M.S. (Master of Science)
Department of Mechanical Engineering
Mechanical engineering; Behaviorism (Psychology)
Humans are social by nature, and therefore when they come together in a large group, the resulting crowd behavior is difficult to explain in terms of individual motion dynamics. In pedestrian crowds, social influence occurs in the form of collision avoidance and in following neighbors' actions. Understanding the dynamics of social influence can help improve crowd management strategies. Obtaining experimental data with crowds, however, is impractical due to the number of subjects needed and unsafe due to possible hazards of having many people assemble in a single place. The goal of this research is to develop a realistic virtual reality platform for crowd behavior studies and use it to validate the effect of social influence in human crowds. The specific objective of this research is to use methods from dynamical systems modeling to enable a custom virtual environment of an interactive humanoid crowd. The virtual environment is then evaluated through a behavioral experiment. Specifically, in this thesis we first adapt pedestrian motion models from the literature to produce dense pedestrian crowds where individuals can maintain close proximity and avoid unrealistic turning motions. We modify the collision avoidance and interaction functions so that the computational burden is reduced to realistically simulate human crowds of up to sixty individuals at real-time speeds on a 3D graphics environment. The crowd simulation is then utilized to test the hypothesis that behavioral contagion triggered in the form of a subset of virtual characters shifting their gaze upwards can induce a human participant to follow that action. A human-subjects study with seventy participants is conducted to assess the performance of the virtual environment as well as test the hypothesis. Participants are surveyed on the believability of the virtual environment and their postural responses measured to record the effect of behavioral contagion. Our results show that the virtual environment is effective in being perceived as natural and realistic and that participants are able to interact with the virtual crowd without experiencing any visual delays. We find that participants follow the visual gaze of virtual characters and that this action is proportional to the number of characters that trigger such a gaze. Contagion effect is further established in terms of the time spent looking up by the participants which is also found to be dependent on the size of the stimulus group.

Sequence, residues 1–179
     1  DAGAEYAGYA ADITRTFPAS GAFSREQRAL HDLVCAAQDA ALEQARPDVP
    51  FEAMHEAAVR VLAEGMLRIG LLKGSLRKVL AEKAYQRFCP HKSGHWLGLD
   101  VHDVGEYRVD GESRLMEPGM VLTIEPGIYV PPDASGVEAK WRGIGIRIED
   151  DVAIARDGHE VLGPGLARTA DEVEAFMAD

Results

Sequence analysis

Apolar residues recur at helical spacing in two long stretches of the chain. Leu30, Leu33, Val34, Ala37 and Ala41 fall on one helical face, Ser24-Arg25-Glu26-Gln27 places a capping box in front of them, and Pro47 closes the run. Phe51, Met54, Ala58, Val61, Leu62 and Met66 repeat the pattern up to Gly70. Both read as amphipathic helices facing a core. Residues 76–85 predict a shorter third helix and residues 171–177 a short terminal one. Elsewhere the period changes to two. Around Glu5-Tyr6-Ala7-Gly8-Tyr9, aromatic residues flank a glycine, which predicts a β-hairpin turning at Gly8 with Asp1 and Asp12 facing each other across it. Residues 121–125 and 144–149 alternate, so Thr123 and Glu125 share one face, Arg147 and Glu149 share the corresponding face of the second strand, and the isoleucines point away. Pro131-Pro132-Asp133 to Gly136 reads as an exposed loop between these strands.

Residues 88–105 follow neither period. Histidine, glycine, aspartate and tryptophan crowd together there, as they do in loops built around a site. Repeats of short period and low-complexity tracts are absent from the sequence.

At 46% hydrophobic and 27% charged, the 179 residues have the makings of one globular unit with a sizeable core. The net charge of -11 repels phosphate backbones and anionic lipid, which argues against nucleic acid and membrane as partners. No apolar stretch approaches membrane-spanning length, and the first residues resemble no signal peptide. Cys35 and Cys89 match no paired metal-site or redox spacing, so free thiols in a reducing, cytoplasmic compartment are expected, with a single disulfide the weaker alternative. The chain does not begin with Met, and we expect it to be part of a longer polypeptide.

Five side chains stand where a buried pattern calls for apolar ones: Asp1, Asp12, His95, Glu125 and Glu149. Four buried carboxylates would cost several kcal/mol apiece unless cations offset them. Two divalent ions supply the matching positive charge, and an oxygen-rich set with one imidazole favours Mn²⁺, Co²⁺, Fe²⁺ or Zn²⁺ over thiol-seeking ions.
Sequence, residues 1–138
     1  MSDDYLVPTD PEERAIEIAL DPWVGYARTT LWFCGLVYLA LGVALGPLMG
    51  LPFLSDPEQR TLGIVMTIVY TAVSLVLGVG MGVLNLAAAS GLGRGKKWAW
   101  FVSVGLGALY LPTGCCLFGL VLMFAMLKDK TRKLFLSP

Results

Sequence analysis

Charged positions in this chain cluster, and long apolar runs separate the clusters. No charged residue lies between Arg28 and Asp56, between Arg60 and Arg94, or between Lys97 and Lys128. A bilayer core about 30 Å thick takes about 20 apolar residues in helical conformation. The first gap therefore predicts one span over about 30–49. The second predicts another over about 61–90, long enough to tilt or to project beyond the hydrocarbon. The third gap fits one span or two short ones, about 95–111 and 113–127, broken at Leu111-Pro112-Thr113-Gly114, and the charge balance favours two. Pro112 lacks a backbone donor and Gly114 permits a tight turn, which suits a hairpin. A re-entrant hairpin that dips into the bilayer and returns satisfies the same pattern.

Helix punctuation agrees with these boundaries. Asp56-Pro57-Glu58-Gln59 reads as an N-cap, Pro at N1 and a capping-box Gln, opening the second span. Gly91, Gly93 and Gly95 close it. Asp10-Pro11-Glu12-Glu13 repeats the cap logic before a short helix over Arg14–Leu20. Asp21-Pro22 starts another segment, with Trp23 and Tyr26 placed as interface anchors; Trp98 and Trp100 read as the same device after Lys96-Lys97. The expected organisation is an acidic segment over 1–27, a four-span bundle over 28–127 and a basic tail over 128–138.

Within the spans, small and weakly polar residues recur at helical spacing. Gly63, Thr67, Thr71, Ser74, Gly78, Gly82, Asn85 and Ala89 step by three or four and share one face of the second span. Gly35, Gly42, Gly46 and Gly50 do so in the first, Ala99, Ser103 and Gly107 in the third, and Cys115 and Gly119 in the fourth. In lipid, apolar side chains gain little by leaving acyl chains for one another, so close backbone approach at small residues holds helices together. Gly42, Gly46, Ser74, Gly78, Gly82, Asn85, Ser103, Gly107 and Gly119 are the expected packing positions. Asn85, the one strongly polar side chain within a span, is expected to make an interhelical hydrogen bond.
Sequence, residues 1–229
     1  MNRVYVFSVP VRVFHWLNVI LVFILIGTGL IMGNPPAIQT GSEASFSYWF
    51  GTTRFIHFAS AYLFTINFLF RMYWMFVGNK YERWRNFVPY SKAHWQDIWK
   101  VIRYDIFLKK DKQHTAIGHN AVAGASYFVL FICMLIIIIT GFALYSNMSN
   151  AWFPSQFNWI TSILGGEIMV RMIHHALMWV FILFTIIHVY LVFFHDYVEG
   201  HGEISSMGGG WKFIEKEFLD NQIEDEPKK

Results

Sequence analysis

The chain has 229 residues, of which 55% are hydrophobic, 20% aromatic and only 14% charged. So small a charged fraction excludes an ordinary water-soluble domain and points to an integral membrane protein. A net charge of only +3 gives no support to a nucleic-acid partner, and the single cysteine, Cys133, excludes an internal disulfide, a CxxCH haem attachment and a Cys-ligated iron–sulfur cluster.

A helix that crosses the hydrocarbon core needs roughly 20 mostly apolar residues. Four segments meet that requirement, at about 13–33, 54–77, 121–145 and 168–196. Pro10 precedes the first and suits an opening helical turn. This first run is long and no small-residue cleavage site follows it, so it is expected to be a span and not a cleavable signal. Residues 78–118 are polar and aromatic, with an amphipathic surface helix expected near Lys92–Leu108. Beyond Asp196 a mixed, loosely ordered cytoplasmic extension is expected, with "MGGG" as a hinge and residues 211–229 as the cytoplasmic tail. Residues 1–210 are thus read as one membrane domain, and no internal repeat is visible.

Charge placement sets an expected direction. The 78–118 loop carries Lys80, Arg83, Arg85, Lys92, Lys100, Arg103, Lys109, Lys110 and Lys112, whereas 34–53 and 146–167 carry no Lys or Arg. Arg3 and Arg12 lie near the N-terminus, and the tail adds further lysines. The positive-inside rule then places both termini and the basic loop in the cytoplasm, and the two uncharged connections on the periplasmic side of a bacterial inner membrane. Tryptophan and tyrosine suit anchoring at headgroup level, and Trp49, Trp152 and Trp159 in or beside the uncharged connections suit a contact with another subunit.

Mohammadi Jorjafki, Elham, "Modeling and validation of dynamics of social influence in virtual human crowds" (2018). Graduate Research Theses & Dissertations. 3992.
Northern Illinois University
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Advisors: Sachit Butail.||Committee members: Sachit Butail; Ji-Chul Ryu; Brad Sagarin.||Includes illustrations.||Includes bibliographical references.